Sárika f Hungarian (Rare)
Hungarian diminutive of Sarah.
Sarika f Indian, Hindi, Marathi
From a Sanskrit word referring to a type of thrush (species Turdus salica) or myna bird (species Gracula religiosa).
Sarina f Dutch, English (Modern)
Diminutive of Sara. In modern times it may also be a variant of Serena.
Sarit f Hebrew
Hebrew diminutive of Sarah.
Sarita 1 f Spanish
Spanish diminutive of Sara.
Sarita 2 f Indian, Hindi, Marathi, Nepali
Means "flowing" in Sanskrit.
Šárka f Czech
Meaning unknown. In Czech legend Šárka was a maiden who joined other women in declaring war upon men. She tricked the men by having herself tied to a tree, and, after they came to her rescue, offering them mead laced with a sleeping potion. After the men fell asleep the other women slew them.
Šarlota f Czech
Czech form of Charlotte.
Sarmīte f Latvian
From Latvian sarma meaning "frost".
Sarnai f Mongolian
Means "rose" in Mongolian.
Sarolt f Hungarian (Rare)
From the Old Hungarian name Saroldu, probably of Turkic origin meaning "white weasel, ermine". This was the wife of the 10th-century Hungarian grand prince Géza.
Sarolta f Hungarian
Variant of Sarolt, also used as a Hungarian form of Charlotte.
Sarra f Biblical Latin, Old Church Slavic
Biblical Latin form of Sarah.
Sarrha f Biblical Greek
Biblical Greek form of Sarah. The spelling Σάρα (Sara) also occurs.
Saša m & f Croatian, Serbian, Slovene
Croatian, Serbian and Slovene diminutive of Aleksander or Aleksandra.
Sascha m & f German
German form of Sasha.
Sasha m & f Russian, Ukrainian, English, French
Russian and Ukrainian diminutive of Aleksandr or Aleksandra.
Sashenka f Russian
Diminutive of Sasha.
Sashi m & f Indian, Kannada
Alternate transcription of Kannada ಶಶಿ (see Shashi).
Sashka f Bulgarian, Macedonian
Bulgarian diminutive of Aleksandra, as well as an alternate transcription of Macedonian Сашка (see Saška).
Sasithorn f Thai
Means "the moon" in Thai (a poetic word).
Saskia f Dutch, German
From the Germanic element sahs "Saxon". The Saxons were a Germanic tribe, their name ultimately deriving from the Germanic word sahs meaning "knife". Saskia van Uylenburgh (1612-1642) was the wife of the Dutch painter Rembrandt.
Sassa f Swedish (Rare)
Swedish diminutive of Astrid, Alexandra or Sara.
Sati f Hinduism
Means "truthful" in Sanskrit. In Hindu belief this was the name of a goddess, a wife of Shiva. After her death she was reborn as the goddess Parvati.
Satomi f Japanese
From Japanese (sato) meaning "village" or (sato) meaning "intelligent, clever, bright" combined with (mi) meaning "beautiful". Other kanji combinations are possible.
Satu f Finnish
Means "fairy tale, fable" in Finnish.
Saturnina f Ancient Roman, Spanish
Feminine form of Saturninus. This was the name of a legendary saint who was supposedly martyred in northern France.
Sauda f Eastern African, Swahili
Means "dark complexion" in Swahili.
Saule 2 f Kazakh
Means "ray, sunbeam" in Kazakh.
Saulė f Lithuanian, Baltic Mythology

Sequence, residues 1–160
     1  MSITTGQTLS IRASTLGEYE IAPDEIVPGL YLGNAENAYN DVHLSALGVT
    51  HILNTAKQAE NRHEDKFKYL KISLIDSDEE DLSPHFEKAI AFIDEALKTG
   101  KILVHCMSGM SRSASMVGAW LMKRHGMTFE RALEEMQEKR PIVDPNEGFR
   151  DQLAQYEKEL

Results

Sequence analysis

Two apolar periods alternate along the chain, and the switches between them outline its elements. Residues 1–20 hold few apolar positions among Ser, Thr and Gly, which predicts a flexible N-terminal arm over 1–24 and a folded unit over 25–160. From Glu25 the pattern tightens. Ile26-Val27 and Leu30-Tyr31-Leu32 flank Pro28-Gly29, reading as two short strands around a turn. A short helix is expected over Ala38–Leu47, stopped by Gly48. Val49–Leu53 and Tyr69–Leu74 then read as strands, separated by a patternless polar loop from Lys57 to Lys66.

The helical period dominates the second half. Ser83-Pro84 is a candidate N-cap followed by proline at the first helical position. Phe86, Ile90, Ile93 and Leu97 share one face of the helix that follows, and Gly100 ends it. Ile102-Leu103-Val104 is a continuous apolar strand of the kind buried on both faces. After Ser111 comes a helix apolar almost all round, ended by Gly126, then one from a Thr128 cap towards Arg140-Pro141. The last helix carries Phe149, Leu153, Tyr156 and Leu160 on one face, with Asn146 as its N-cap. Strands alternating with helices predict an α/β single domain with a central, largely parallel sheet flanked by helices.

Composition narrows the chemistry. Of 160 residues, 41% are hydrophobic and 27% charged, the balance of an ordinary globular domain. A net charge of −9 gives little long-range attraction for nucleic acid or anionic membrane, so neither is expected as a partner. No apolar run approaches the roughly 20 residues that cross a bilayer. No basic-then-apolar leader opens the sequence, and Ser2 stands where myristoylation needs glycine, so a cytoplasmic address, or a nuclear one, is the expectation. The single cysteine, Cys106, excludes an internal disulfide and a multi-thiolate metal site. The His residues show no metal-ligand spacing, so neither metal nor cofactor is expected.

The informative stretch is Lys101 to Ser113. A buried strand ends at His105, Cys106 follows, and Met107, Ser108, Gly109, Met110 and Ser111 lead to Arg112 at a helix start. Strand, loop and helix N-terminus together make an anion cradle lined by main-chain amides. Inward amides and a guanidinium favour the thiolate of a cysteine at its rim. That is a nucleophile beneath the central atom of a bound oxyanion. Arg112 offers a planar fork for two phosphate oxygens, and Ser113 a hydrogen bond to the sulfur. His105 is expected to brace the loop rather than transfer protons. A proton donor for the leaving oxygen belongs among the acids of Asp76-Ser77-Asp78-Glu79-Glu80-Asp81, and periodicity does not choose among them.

Means "sun" in Lithuanian. This was the name of the Lithuanian sun goddess.
Saundra f Scottish
Scottish form of Sandra.
Savannah f English
From the English word for the large grassy plain, ultimately deriving from the Taino (Native American) word zabana. It came into use as a given name in America in the 19th century. It was revived in the 1980s by the movie Savannah Smiles (1982).
Saveria f Italian
Italian feminine form of Xavier.
Savina f Italian
Italian variant of Sabina.
Savitri f Hinduism, Indian, Hindi, Marathi
Means "relating to the sun" in Sanskrit. This is the name of a hymn dedicated to Savitr, a Hindu sun god, and it is also the name of his daughter. It is borne by several other characters in Hindu epics, including a wife of Brahma, a wife of Shiva, and a daughter of Daksha. In the Hindu epic the Mahabharata it is borne by King Satyavan's wife, who successfully pleas with Yama, the god of death, to restore her husband to life.
Sawda f Arabic
Possibly means "palm-tree garden" in Arabic. This was the name of a wife of the Prophet Muhammad.
Sawsan f Arabic
Arabic form of Susanna.
Sawyer m & f English (Modern)
From a surname meaning "sawer of wood" in Middle English. Mark Twain used it for the hero in his novel The Adventures of Tom Sawyer (1876).
Saxa f Ancient Germanic
Older form of Saskia.
Sayaka f Japanese
From Japanese (sa) meaning "sand" or (sa) meaning "thread, silk" with (ya) meaning "also" or (ya), an interjection, combined with (ka) meaning "fragrance" or (ka) meaning "increase". This name can also be composed of other kanji combinations. It is often written using the hiragana writing system.
Sayen f Indigenous American, Mapuche
Means "sweet, lovely" in Mapuche.
Saylor f English (Modern)
From an English surname that was derived from Old French sailleor meaning "acrobat, dancer". As a modern English given name it could also come from the homophone vocabulary word sailor.
Sayuri f Japanese
From Japanese (sa) meaning "small" and 百合 (yuri) meaning "lily". This name can also be composed of other kanji combinations.
Sayyida f Arabic
Means "lady, mistress" in Arabic.
Scarlet f English (Modern)
Either a variant of Scarlett or else from the English word for the red colour (both of the same origin, a type of cloth).
Scarlett f English
From a surname that denoted a person who sold or made clothes made of scarlet (a kind of cloth, possibly derived from Persian سقرلاط (saghrelat)). Margaret Mitchell used this name for Scarlett O'Hara, the main character in her novel Gone with the Wind (1936). Scarlett's name came from her grandmother's maiden name.
Scheherazade f Literature
Anglicized form of Shahrazad.